A really interesting thing that has happened in academies over the last year is that the fastest growing type of academy sponsor is a school. We have 557 academy sponsors. The majority of those are schools—outstanding converters sponsoring other schools. The number of sponsored academies in the largest 10 chains is actually quite small as a proportion of the total number of academies. It is only about a third of the proportion of all sponsored academies. The picture that is emerging for us is not one of lots of big chains but one of lots of small [chains] sponsored by other schools.[12]

10. Chains of schools may operate as multi-academy trusts (MATs), where the trust has a single funding agreement with the Secretary of State and supplementary agreements for the individual schools within the trust. All academies in the MAT are run by a single board of directors. Although the MAT may decide to delegate some functions to school-level governing bodies, the MAT remains accountable for the schools and can take all decisions on how the schools are run.

11. It is possible for academies to enter into a different type of grouping known as an umbrella trust, whereby each school converts separately to academy status, with its own funding agreement, but they then come together to share governance and services.

12. Information supplied by the DfE in January 2014 shows the number of schools in England in a MAT or an Umbrella Trust.[13] It can be seen that the majority of MATs and UTs are very small (fewer than five schools) but well over half the academies in MATs are in a chain of more than five schools.[14]
Multi Academy Trusts Umbrella Trusts
Number of schools in MAT Number of MATsNumber of schools Number of schools in UT Number of UTsNumber of schools
1187 1871 00
2243 4862 510
3111 3333 39
465 2604 14
5+137 13565+ 547
Total2622 Total 70

Source: DfE

13. The NAO found that the rate at which maintained schools are becoming sponsored academies has increased: "the Department opened over three times as many sponsored academies in 2012/13 as 2011/12 [… and] opened a further 376 sponsored academies by the end of 2013/14".[15] From the start of academic year 14/15 to December 2014, an additional 154 sponsored academies had opened.[16]

14. Nevertheless, the rapid growth in the number of academies over the last four years has been fuelled mainly by converters: schools voluntarily becoming academies. These schools also have a funding agreement with the Secretary of State and are formally established as academy trusts. Unlike sponsored academies, they are previously outstanding or good schools, typically with low numbers of disadvantaged children amongst their intakes. Twenty-nine schools converted in September 2010. By the end of July 2011, 529 converter academies were open, followed by a further 1,058 between August 2011 and July 2012 and 731 between August 2012 and July 2013.[17] By 1 December 2014 a total of 3,062 schools had converted to academy status as part of the Coalition programme.[18] This is greatly in excess of the DfE's prediction at the time of the Academies Bill in 2010 that 200 schools would convert each year in the first few years of the programme.[19]

15. Whilst secondary schools led the way in adopting academy status, the number of primary schools which are academies (2,299) now exceeds the number of secondaries (1,884).[20] As a proportion of all schools in England, however, academies constitute 13% of primaries compared to 60% of secondaries.[21]

1   NAO, Academies and maintained schools: Oversight and intervention, HC (2014-15) 721 Back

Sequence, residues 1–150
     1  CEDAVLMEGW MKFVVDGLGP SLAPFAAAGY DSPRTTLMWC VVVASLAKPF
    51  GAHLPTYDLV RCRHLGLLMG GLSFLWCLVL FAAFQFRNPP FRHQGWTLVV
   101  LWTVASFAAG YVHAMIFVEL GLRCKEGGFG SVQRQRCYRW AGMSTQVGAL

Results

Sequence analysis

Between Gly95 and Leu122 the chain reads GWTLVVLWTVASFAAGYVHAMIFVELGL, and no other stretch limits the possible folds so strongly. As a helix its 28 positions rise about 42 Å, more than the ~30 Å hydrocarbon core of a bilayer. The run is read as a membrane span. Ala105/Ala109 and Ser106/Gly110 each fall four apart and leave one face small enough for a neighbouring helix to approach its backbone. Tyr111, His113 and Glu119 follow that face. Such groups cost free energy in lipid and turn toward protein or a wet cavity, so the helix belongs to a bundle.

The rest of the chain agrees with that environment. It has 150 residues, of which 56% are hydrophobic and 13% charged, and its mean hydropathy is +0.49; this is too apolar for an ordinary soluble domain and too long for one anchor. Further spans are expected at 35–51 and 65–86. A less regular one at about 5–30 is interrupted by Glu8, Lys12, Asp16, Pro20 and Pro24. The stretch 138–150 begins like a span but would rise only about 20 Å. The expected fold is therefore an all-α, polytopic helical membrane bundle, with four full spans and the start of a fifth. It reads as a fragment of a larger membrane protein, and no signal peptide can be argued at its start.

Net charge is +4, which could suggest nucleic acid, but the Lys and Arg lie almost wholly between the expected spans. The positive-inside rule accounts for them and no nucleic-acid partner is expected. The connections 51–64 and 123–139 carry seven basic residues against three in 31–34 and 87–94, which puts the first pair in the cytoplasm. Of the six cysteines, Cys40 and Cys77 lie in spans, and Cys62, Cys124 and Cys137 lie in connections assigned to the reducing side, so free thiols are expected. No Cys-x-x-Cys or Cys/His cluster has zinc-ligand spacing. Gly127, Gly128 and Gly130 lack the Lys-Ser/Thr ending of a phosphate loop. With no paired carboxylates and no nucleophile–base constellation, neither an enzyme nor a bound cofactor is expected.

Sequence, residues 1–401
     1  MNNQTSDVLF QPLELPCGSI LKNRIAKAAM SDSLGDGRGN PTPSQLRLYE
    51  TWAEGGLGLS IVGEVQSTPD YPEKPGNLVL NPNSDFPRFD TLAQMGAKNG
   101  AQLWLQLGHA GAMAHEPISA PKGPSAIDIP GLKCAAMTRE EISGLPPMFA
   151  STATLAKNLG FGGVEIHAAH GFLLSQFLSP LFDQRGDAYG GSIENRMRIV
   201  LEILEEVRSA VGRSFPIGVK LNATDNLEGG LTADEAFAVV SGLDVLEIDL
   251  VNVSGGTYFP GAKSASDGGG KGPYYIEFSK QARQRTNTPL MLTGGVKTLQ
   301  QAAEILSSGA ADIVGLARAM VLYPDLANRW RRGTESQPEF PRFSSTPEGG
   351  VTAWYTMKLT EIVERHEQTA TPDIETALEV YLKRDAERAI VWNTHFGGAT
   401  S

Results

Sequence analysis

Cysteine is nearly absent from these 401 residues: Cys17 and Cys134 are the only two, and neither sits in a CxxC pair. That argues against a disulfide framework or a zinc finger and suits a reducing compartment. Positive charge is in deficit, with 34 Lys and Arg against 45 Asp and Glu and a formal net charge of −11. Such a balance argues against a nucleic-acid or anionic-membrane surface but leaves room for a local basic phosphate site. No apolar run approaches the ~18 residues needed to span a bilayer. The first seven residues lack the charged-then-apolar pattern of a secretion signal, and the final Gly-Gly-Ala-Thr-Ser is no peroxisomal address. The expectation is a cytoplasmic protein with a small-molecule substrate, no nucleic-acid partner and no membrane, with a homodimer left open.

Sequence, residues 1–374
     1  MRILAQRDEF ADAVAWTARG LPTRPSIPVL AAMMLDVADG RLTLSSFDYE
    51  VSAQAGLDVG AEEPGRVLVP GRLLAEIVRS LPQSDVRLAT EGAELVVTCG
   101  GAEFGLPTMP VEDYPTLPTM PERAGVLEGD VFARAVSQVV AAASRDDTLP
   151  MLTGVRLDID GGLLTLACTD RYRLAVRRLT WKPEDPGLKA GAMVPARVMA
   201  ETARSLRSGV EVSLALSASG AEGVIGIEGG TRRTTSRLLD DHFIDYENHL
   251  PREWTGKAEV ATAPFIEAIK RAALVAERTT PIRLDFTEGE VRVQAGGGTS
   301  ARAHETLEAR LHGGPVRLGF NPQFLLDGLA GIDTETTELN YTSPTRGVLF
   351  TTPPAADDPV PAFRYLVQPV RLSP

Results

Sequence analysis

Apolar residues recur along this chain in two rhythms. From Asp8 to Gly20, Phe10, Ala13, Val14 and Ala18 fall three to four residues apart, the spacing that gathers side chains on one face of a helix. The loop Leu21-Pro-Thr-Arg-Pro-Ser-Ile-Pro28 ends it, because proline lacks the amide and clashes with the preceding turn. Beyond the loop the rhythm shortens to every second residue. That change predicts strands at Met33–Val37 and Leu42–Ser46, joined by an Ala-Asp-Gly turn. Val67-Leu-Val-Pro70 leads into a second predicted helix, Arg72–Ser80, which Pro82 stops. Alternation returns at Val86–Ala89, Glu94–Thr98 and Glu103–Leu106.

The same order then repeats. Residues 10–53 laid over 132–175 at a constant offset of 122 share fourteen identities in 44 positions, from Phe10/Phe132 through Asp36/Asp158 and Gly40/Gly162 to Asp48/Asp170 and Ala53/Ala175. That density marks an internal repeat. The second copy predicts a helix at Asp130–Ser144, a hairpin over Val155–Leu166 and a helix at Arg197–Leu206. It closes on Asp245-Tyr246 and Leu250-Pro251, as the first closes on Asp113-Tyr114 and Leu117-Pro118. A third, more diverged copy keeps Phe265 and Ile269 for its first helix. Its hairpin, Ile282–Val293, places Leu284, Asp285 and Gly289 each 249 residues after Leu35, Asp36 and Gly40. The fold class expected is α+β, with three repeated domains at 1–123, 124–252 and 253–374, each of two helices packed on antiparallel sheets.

2   DfE academy release December 2014 Back

3   List of all free schools: open or in pre-opening stage, DfE, 28 October 2014.Academies also include two further types of new schools, University Technical Colleges and studio schools, which we do not examine in this report but which are explained in footnote 7 below.  Back

4   See Annex A and Annex B Back

5   Professor Becky Francis, Professor of Education and Social Justice, King's College London, declared interests as a member of the Labour party, as a member of Amnesty International and in the form of consultation with the Sutton Trust on potential research project on academies. Professor Stephen Machin, Professor of Economics at University College London and Research Director of the Centre for Economic Performance at the London School of Economics, declared an interest as a member of Low Pay Commission (BIS) until April 2014. Professor Alan Smithers, Director of the Centre for Education and Employment Research, University of Buckingham, declared no interests relevant to the inquiry. Back

6   Oral evidence taken before the taken before the Public Accounts Committee on 17 November 2014, HC (2014-15) 735, Q171 Back

7   University Technical Colleges are academies offering 14 to 19 year olds technical education in one or two specialisms; studio schools are also aimed at this age group and are small institutions emphasising skills needed for employment. Back

8   NAO, Academies and maintained schools: Oversight and intervention, HC (2014-15) 721, p30 Back

9 (accessed on 19 January 2015) Back

10   Chain effects: the impact of academy chains on low income students, Merryn Hutchings, Becky Francis and Robert De Vries, Sutton Trust (July 2014). Back

11   Hutchings, Francis & deVries (2014) Back

12   Qq 10, 103 Back

13   Department for Education (AFS0112) para 8 Back

14   The DfE supplied a similar table in February 2013 which showed over 200 schools in UTs. Since then the DfE has adopted a tighter definition of umbrella trusts for the purposes of its management information.  Back

15   NAO, Academies and maintained schools: Oversight and intervention, HC (2014-15) 721, p30 Back

16   DfE academies update December 2014 Back

17   Academies Annual Report 2012-13, DfE Back

18   DfE academies update December 2014 Back

19   Academies Bill- Impact Assessment, DfE (May 2010) Back

20   Information supplied by the DfE. Figures correct as of 1 December 2014. Back

21   Report of HMCI of Education, Children's Services and Skills 2013/14: Schools (hereafter Ofsted Annual Report on Schools 2013/14), p.7 Back

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Prepared 27 January 2015